Life after the Mafia?
I would reckon I’m not the only one who has found the surfing on the idiot box a bit flat and waveless ever since Tony and family made their infamous fade-to-black over a month ago.
Call it PSD (Post-Sopranos Depression), but I haven’t been sucked into any new show since Tony took his leave. Big Love? It’s OK, and I can dig the modern oddity of “The Adventures of Ozzie and Harriet and Sheila and Darlene,” but, well, if I miss an episode, I find that I don’t really care. And I’ve missed the last six.
John from Cincinnati? Rough sledding so far. I sense there is some kind of pay-off on the way, something that might be surprisingly rich, but, great Caesar’s ghost, these people are so irretrievably fucked up! Again, I think PSD is playing a part here on my end. I bet if HBO could do it over, it wouldn’t have debuted John two minutes after Tony’s departure, but would’ve instead waited a month.
As for any offerings from the four so-called “major” networks, well, what can you say? More of the brain dead mush that inspires old folks in senior homes to quietly stockpile sleeping pills.
And then one Monday night, I got lucky and chanced upon a show on Channel 5 called Simon Schama’s Power of Art.
Schama is … well, I have no bloody idea who he is. But he obviously knows his stuff, and what he’s done with his series is put together eight different one-hour episodes, casting the spotlight on eight different artists, including Van Gogh, Bernini, Picasso and Rembrandt. In each program, Schama shows us not just the works that make these men genii for the ages, but also fills us in on the turmoil in their lives and how those turmoils led each master to create their masterpieces. In the episode about Caravaggio, for example, we saw that the man was a riotous, hell-raising rockstar of the 1590s, getting into sword fights and the like in between painting his trail-blazing religious scenes. In the Bernini segment, Schama gives us the utter scandal of a man who could order his servant to throw acid into the face of a cheating lover, and then, years later, sculpt “The Ecstasy of St. Theresa,” a statue so deft, so superb, and so expressive that you get choked up looking at it on a 2-D TV, fercrissake!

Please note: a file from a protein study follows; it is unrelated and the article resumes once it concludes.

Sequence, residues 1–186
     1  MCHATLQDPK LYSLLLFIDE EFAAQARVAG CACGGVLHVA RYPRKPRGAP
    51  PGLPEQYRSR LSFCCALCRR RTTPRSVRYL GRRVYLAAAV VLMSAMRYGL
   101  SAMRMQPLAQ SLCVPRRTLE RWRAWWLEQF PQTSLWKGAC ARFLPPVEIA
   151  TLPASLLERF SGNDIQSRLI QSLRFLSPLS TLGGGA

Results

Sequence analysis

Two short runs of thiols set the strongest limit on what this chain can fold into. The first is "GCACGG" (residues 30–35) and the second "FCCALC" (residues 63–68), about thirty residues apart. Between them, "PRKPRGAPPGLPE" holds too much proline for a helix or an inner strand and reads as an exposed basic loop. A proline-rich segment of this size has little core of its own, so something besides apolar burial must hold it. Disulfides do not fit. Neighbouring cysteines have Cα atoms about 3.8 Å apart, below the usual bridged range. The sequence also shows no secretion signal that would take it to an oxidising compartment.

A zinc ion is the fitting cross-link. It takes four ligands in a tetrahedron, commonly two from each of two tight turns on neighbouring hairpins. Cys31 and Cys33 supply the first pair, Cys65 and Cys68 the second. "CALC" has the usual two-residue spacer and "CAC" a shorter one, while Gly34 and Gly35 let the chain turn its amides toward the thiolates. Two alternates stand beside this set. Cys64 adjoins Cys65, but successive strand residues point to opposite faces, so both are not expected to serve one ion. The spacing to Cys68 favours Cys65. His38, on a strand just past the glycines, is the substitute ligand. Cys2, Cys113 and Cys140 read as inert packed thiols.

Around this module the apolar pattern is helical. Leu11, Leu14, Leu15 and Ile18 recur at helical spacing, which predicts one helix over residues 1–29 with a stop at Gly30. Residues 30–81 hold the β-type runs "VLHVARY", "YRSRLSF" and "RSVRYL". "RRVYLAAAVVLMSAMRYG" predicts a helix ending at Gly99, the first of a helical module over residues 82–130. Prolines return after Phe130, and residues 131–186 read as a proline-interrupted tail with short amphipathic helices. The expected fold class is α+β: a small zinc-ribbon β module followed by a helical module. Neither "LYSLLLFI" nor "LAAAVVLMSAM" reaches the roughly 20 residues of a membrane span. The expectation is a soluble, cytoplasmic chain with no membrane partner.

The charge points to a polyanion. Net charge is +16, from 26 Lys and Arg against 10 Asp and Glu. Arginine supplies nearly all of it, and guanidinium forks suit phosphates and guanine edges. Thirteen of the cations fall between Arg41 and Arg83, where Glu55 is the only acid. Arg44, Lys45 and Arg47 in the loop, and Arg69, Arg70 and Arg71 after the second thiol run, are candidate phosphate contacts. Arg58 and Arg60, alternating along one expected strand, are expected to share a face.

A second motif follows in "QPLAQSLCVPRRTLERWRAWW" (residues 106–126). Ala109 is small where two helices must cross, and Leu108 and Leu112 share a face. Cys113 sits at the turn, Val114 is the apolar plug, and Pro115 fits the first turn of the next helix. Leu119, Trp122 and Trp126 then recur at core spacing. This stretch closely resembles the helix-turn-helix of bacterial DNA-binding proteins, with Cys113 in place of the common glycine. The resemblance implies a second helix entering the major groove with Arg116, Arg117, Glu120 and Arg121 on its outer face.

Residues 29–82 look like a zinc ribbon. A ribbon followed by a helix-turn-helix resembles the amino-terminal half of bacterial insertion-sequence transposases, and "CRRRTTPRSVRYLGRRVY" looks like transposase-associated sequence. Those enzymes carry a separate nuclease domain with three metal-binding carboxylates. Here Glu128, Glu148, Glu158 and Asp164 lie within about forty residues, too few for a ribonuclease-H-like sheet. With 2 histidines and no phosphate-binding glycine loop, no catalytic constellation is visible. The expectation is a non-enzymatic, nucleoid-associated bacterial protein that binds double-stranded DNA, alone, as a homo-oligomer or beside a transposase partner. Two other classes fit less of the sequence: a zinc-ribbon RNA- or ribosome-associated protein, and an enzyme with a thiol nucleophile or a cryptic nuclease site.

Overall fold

I wish I’d discovered Simon Schama’s Power of Art sooner. Its run is almost over. Only two portraits remain: J.M.W. Turner on Monday and Mark Rothko on July 30. Don’t know who these guys are? Me neither. But Schama is capable of introducing us to these artists in a relevant and, at times, riveting way that makes for great television. And at the end of the show, you actually feel enriched, which rarely happens when I watch, say, Baseball Tonight.